Fairport, N.Y. - Bosch Security Systems, Inc., a full-line manufacturer of high-quality security solutions, has released Video Recording Manager (VRM) for centralized management of iSCSI recording from IP cameras and encoders within an IP-based CCTV network. Bosch's VRM signals the arrival of the second generation of IP network video recording technology, replacing first-generation network video recorders (NVRs).
With the introduction of VRM, Bosch adds system-wide recording management for its direct-to-iSCSI RAID storage, which enables IP cameras and encoders to stream directly to disk. VRM pools all iSCSI RAIDs in a system and, after dividing the total capacity into one Gigabyte storage blocks, allocates storage on demand to IP cameras and encoders. The software acts as a "traffic cop" by helping to distribute video across the various iSCSI disk arrays on the customer's network.
This design simplifies installation by eliminating the need to estimate the storage requirements for individual or groups of cameras. With load-balancing, cameras with large storage requirements are automatically allocated more disk space, which ensures the desired retention time is achieved across all cameras. Customers also gain added flexibility and improve their return on assets, as they can transparently add storage to the pool as the video surveillance system grows.
VRM's redundancy and automatic fail-over capabilities deliver unmatched reliability. If an iSCSI disk array fails, VRM immediately redirects camera traffic to a standby array. VRM can also be configured with an optional failover server. The software also facilitates fast searches, as it provides a database for recordings and metadata. The metadata, which could include events and textual data from sources such as video content analysis or GPS location devices, is recorded with the video footage.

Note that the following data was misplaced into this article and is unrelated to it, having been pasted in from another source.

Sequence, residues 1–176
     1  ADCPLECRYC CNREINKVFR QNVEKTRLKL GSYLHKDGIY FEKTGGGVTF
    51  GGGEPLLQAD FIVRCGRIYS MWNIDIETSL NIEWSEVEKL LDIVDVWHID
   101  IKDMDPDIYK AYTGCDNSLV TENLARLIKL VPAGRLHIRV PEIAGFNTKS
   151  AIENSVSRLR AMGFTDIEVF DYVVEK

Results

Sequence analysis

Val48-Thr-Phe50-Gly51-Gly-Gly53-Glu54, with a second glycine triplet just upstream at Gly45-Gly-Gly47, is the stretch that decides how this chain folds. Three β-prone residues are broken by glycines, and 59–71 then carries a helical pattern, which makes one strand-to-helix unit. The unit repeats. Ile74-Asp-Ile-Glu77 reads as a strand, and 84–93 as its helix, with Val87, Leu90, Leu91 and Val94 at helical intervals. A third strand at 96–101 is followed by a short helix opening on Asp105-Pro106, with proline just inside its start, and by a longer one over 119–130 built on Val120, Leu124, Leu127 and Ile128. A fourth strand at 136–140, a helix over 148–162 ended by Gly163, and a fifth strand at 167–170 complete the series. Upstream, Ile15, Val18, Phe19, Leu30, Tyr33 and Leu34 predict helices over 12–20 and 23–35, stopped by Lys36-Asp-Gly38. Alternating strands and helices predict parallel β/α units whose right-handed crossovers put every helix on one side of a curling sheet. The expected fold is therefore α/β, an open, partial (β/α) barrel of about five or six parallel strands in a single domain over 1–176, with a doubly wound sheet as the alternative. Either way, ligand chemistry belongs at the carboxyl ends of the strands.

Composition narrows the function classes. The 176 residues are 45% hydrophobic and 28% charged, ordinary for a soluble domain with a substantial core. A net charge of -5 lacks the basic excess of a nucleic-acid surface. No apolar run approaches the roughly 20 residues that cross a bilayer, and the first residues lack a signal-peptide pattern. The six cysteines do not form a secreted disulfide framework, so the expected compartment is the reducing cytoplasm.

Using direct-to-iSCSI RAIDs with VRM eliminates the need for NVRs and their associated server hardware, operating systems, anti-virus software as well as the ongoing software patches and updates these systems require. Systems using direct-to-iSCSI with VRM are easier to operate and maintain and offer a lower total cost of ownership by reducing the maintenance expenses of PC-based NVRs. The design also improves system performance for high bitrate recording, as each Bosch iSCSI disk array is designed for 200 Mbps of throughput compared to the average NVR's 70 Mbps limit. Because video does not have to pass through the VRM server to be recorded, it can also support up to 2,000 cameras per server, unlike the average NVR's 64 camera limit.
More information: www.boschsecurity.us